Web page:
I only titled this book “The Idea of Free Speech” because that is shorter, punchier and (I hope) may sell more copies than “The Idea of Freedom of Speech”.
Another important thought, which I won't spend any more time defending because that would be a different book: I don't believe in “self evident” or “natural” law. When suns are born or implode, neutrinos and quarks engage in behavior, dark matter does what ever it does, and time arcs, nothing that these objects or constructs do has any bearing on freedom of speech, not even as a metaphor. Free speech is not engraved in the walls of the universe, but is a set of conventions which humans decided to adopt because it served some purpose. If you believe in natural law, then a hunt for free speech rules in the Old Testament or St. Augustine may not be very interesting. Put this book down now, or read it for its anecdotal value.
I would like to underline an idea which I proposed above: freedom of speech can exist even in the absence of any rules whatever codifying it or protecting the speakers. In a monarchy or dictatorship, the prince, despite his power of life or death over his subjects, may be secure, compassionate and merry, and quite tolerant. He may even like to be teased. Or he may follow Machiavelli, and know that you should always have people (but not too many) around you who tell you the truth, so you are not completely lost. I was very impressed years ago by someone with first hand knowledge who related that the men around Muammar Qhadafy look happy, while those who worked for Saddam Hussein looked terrified. The latter expected to be killed at any moment, and usually were. The former knew that they were well liked by their boss, and were safe. Yet both men were murderous dictators.
So we will look for instances in which people felt quite free advising an autarch, or complaining to him, or about him. Then we'll ask why in some societies, and not others, the people went one step further, and put laws in place to protect the outspoken. Alexander was very tolerant of argument and teasing, until one day in irritation and tiredness, he picked up a spear and ran his best friend through. He was very remorseful, but his friend was still dead.
Another premise of this book is that speech is universal and ubiquitous. We have a tendency to section things off in a corner, like my intelligent, Harvard-educated friend who said she didn't care much about the environment, apparently unaware she lived in it. Free speech is not merely something which happens, and get litigated, in Ohio. If you read the local police news for any large city—anywhere, for that matter—you will soon discover that a large number of the murders described were in response to speech. Someone said something someone else didn't like, and died for it. Even Mafia hits often result from speech. Speech is a life and death matter.
A related thought is that free speech laws for the most part protect us against government interference with us, not from punishment by our neighbors. For that protection, we must rely on cultural norms of friendship and tolerance. Yet it is a very common dilemma, that the very speech which the law will protect—to keep us out of jail—does not necessarily keep us from losing a spouse, our friends, the love of our neighbors, a loan, or a job. In a perfect world, the law would extend the cultural norm of tolerance; often the opposite is true: the law is tolerant when society is not.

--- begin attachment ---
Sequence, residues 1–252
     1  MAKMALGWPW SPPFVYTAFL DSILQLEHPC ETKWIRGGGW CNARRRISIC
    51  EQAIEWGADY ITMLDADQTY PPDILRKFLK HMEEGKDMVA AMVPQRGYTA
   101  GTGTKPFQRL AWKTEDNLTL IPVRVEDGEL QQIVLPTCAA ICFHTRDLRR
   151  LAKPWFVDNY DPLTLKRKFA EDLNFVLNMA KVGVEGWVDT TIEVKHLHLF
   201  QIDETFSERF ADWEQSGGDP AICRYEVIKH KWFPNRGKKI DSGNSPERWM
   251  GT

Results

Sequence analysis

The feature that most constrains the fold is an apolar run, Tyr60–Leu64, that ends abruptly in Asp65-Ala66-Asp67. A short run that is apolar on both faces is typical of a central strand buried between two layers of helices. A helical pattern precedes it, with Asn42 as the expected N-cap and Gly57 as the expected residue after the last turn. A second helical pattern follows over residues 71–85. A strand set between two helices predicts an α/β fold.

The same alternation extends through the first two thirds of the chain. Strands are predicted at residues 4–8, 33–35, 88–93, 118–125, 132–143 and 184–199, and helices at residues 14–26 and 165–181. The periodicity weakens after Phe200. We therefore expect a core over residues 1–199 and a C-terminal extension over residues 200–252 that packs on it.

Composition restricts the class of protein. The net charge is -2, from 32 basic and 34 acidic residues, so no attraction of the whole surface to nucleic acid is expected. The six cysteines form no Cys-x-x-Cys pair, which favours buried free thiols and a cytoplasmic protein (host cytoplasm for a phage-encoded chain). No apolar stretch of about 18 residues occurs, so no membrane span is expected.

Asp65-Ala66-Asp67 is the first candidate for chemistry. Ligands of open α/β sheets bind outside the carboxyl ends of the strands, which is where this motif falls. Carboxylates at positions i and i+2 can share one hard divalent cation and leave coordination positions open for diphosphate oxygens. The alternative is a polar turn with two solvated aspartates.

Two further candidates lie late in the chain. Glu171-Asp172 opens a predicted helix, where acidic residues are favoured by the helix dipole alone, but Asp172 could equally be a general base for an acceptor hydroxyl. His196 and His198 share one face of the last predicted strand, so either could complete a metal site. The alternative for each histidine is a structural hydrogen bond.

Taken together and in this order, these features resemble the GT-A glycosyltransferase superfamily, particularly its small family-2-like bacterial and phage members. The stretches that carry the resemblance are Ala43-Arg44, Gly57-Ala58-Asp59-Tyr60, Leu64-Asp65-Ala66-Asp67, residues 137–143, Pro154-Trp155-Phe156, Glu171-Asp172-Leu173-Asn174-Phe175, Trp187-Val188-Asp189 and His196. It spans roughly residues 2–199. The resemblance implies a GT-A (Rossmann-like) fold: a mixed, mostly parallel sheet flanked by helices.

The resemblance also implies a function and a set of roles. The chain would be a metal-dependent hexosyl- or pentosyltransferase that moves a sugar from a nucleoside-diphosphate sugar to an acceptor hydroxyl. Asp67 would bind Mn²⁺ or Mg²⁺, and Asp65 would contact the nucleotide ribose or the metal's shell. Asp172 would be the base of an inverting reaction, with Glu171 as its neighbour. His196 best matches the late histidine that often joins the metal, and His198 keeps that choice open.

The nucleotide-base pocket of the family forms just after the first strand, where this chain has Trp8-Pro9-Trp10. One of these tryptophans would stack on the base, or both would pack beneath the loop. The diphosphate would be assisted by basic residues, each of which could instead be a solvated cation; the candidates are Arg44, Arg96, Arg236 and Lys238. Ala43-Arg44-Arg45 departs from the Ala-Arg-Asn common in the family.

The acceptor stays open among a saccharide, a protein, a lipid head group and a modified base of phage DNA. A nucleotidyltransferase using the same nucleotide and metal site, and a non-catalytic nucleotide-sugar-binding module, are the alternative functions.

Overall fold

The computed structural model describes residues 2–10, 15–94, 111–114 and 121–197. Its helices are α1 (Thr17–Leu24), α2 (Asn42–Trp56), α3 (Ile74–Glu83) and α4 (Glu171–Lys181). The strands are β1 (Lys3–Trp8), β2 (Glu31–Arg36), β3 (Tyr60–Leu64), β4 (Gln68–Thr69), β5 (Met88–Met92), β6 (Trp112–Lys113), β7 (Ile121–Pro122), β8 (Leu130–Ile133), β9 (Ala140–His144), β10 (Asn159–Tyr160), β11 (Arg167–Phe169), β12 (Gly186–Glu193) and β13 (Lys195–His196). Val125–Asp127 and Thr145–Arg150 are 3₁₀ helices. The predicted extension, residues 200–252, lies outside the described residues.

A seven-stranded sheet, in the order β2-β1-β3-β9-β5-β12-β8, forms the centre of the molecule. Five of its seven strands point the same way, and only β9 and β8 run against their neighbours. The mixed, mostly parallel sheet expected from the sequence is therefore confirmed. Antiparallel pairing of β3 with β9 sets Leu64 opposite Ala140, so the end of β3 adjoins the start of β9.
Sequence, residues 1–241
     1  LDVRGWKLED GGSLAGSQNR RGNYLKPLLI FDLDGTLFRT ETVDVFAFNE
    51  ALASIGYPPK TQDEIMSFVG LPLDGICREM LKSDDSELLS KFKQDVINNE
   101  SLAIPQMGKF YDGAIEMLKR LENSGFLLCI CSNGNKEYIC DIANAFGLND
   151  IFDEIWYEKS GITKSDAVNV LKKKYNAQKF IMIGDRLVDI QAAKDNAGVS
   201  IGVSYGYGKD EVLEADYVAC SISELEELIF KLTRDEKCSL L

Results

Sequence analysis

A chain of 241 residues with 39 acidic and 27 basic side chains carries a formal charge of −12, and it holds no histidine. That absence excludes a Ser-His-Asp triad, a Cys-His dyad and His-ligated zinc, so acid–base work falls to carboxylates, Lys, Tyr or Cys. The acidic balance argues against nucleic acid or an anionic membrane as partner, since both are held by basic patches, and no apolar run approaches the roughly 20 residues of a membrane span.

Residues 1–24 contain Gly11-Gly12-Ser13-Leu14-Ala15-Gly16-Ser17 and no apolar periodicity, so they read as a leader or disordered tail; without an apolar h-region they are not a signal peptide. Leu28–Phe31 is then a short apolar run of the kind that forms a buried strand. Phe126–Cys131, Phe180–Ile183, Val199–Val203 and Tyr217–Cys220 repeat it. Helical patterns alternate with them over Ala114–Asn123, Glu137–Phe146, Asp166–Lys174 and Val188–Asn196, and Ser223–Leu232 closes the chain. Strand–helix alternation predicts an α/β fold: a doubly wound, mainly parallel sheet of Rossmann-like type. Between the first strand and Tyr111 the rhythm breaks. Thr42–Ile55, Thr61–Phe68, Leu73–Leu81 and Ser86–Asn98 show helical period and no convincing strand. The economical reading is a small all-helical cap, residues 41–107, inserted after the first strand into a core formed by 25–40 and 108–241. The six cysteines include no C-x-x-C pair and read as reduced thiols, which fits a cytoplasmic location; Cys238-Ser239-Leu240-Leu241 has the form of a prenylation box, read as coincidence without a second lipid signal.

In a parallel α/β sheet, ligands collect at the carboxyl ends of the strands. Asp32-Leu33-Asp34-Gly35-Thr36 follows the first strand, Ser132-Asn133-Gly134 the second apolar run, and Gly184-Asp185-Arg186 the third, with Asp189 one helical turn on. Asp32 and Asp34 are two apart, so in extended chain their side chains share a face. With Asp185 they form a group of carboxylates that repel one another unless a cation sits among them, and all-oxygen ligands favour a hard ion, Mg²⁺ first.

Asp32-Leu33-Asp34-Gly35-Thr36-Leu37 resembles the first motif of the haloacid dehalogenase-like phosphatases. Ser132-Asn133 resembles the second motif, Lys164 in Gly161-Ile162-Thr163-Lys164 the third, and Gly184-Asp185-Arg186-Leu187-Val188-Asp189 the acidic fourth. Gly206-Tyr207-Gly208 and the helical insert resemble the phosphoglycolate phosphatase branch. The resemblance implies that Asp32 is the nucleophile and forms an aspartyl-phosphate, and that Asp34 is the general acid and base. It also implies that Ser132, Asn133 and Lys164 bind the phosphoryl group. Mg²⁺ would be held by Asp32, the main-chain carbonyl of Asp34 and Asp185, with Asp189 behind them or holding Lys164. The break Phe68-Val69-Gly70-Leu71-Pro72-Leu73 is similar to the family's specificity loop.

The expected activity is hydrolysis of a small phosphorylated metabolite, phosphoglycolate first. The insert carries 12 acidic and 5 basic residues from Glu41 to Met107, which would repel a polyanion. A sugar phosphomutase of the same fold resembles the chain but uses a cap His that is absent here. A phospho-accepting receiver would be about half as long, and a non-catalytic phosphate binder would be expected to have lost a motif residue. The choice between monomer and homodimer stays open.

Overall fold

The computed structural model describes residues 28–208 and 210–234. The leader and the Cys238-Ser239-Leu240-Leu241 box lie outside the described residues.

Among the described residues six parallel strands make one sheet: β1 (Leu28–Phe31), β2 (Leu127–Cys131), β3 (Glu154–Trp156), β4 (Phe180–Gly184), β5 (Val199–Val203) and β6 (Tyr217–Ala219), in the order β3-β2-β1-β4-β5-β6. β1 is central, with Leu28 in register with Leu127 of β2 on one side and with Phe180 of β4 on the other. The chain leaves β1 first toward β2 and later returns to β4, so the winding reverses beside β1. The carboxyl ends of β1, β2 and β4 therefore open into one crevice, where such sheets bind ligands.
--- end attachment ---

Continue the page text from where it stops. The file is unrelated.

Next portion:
In examining the social ferment in which free speech norms are generated, we will often find surprising contradictions. The people most in need of the protection of the laws are sometimes those who are least committed to liberty. Believers in dictatorship of the proletariat and supporters of regimes where freedom of speech is unknown bring test cases under U.S. laws, but don't necessarily envision the continuing protection of freedoms if they ever were to prevail politically. In the early years of the American republic, the foremost defenders of freedom of speech were Thomas Jefferson and the Republican party, who were busy distributing lies and libels via captive journalists. The Federalists, led by president John Adams, a man of great integrity and incapable of lying, promulgated the notorious, censorious Alien and Sedition Acts, under which one writer was imprisoned for mentioning that President Adams had a large rear end.
Finally, I stand by the thesis that powerful ideas (powerful either because truthful or because they are logical, compelling proposals) can by their nature be communicated in clear, simple language. For example, here are three of the most exciting ideas I know: Jane Jacobs believed that neighborhoods thrive when they contain diverse groups and uses, and fail when they are dedicated to a single group or use. Ernst Renan said that nations are based on what their people remember, and forget, together. Immanuel Kant said that before we take an action, we should consider the consequences which would ensue if everyone did the same thing. In none of these cases did the speakers need to resort to words like “hermeneutics” or “deconstruction”, and their ideas are made more exciting and compelling, as well as more accessible, by the fact they can be communicated in simple language.
My goal, therefore, is to keep this book as simple as I can. If I fail anywhere, I hope you will write to me at email@example.com and let me know. A reviewer who otherwise approved of a book I co-authored on Internet censorship in 1996, complained that it failed to include a sophisticated theory of free speech. I was hurt by this at the time; thirteen years later, I take it as a compliment.